2015 Interagency Partnership Far West
The Department of Energy’s (DOE) Biological and Environmental Research Program supports climate change research on a global scale, and seeks to generate the scientific knowledge base needed to inform public discussion, evaluate energy policy options, and provide tools for planning, adapting, and mitigating climate change. The ultra-scale visualization climate data analysis tools (UV-CDAT) were established to help address these needs.
UV-CDAT accomplishes a task that has never before been attempted for or by the climate community: the integration of more than 70 disparate scientific software packages and libraries for large-scale data analysis and visualization. Team members worked across institutional boundaries to develop and integrate software packages under a single framework that facilitates climate research and enables scientists to use them with little or no effort. The result is a powerful toolset that aids climate researchers with solving their most complex data analysis and visualization challenges.
The integrated, cross-institutional partnership responsible for developing and refining UVCDAT is unique in its breadth and depth of expertise. Four DOE national laboratories— Lawrence Berkeley (LBNL), Lawrence Livermore (LLNL), Los Alamos (LANL), and Oak Ridge (ORNL)—focused on the development of large-scale parallel analytics and the diagnosis of climate model simulation and observational post-processing. Two universities—Polytechnic Institute of New York University and the University of Utah—handled provenance and workflow, and streaming visualization. From the private sector, Kitware worked on software processes, cross-platform build and test suites, back-end visualization capabilities, and development of a spatiotemporal parallel pipeline; and Tech-X supplied reprojection libraries. The National Aeronautics and Space Administration’s (NASA) Goddard Space Flight Center provided three-dimensional (3D) data visualization and UV-CDAT tutorials, while the National Oceanic and Atmospheric Administration (NOAA) provided temporal and spatial regridding tools.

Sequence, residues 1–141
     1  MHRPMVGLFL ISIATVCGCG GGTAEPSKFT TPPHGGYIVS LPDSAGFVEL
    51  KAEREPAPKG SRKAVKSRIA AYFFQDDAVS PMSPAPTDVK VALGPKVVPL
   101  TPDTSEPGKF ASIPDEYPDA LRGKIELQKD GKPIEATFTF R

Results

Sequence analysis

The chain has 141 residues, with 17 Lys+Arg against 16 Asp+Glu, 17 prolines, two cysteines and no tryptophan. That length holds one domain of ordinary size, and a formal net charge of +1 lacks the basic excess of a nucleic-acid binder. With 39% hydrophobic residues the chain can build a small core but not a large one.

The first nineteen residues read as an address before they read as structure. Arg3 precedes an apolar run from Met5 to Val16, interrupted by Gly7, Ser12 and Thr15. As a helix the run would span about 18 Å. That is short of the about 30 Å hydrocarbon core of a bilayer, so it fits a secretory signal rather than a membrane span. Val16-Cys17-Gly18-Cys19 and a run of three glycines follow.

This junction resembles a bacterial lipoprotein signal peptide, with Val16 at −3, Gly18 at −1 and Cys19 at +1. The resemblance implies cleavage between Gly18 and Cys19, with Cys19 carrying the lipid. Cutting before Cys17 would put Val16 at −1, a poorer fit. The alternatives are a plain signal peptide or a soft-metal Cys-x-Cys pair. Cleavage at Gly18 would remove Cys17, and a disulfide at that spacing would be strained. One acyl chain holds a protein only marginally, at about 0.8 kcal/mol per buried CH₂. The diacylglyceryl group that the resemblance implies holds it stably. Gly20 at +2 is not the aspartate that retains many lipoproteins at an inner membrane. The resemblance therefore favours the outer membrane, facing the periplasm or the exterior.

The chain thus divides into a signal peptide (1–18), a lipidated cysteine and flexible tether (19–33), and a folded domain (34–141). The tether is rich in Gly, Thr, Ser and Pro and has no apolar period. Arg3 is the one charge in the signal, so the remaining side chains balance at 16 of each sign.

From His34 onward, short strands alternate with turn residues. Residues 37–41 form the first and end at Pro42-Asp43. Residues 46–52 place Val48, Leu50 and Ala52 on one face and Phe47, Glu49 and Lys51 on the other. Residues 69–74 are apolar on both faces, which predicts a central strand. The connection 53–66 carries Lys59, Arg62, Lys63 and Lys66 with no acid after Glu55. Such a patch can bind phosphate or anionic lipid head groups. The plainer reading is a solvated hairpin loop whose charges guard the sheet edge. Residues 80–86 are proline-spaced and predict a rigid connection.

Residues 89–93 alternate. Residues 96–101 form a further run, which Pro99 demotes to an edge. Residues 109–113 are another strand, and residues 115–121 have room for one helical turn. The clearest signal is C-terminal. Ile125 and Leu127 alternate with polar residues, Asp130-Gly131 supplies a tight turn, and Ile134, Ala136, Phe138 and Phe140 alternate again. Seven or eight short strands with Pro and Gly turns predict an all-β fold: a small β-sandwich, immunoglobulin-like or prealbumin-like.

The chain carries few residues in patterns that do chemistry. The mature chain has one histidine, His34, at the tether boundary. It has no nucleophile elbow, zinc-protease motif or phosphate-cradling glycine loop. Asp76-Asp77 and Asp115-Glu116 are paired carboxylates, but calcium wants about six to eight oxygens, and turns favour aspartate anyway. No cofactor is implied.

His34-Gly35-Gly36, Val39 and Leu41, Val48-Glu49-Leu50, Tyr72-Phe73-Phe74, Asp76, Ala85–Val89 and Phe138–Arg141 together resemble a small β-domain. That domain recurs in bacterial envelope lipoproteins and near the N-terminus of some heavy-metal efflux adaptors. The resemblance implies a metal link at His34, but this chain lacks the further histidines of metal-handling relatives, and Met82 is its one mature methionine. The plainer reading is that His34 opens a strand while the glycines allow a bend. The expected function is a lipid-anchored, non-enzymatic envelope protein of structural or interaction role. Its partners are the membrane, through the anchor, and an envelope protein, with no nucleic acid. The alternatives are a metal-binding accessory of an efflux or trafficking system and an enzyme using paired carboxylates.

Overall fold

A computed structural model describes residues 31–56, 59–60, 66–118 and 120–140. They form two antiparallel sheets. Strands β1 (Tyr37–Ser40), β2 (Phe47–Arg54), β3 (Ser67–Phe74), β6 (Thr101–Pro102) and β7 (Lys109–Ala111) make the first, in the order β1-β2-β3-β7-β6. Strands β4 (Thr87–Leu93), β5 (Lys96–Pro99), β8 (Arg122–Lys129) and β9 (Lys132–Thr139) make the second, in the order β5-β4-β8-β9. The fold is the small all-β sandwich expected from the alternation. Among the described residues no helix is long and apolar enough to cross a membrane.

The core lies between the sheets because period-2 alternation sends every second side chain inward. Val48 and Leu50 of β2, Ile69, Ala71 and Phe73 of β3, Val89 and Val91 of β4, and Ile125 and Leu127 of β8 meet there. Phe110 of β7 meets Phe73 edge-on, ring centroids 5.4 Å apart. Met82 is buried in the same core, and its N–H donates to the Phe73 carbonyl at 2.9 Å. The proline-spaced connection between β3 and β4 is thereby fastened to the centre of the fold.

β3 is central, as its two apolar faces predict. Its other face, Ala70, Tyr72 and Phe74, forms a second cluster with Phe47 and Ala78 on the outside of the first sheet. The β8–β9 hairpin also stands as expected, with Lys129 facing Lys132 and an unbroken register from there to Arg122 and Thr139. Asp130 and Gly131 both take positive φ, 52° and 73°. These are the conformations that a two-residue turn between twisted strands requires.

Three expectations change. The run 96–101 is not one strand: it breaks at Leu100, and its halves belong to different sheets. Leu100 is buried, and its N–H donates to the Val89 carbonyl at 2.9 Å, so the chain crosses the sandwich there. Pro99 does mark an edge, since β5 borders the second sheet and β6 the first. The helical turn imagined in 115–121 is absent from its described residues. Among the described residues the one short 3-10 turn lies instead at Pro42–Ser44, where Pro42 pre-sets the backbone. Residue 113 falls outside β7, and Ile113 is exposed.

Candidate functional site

UV-CDAT version 1.0 was officially released in early 2013. UV-CDAT version 2.0.0, released in October 2014, is in production use for DOE and NASA projects, most notably DOE’s Accelerated Climate Modeling for Energy (ACME) project and NASA’s Climate Model Data Services. The UV-CDAT software source code is open source under the Berkeley Software Distribution license agreement to allow for community development and partnership.
Today, UV-CDAT provides users with access to more analysis and visualization products than any other single source. The tool offers unparalleled capabilities for climate scientists to address big data analytics, sensitivity analyses, heterogeneous data sources, and multiple disciplinary domains; and it incorporates existing software components in combinations that were previously difficult or even impossible.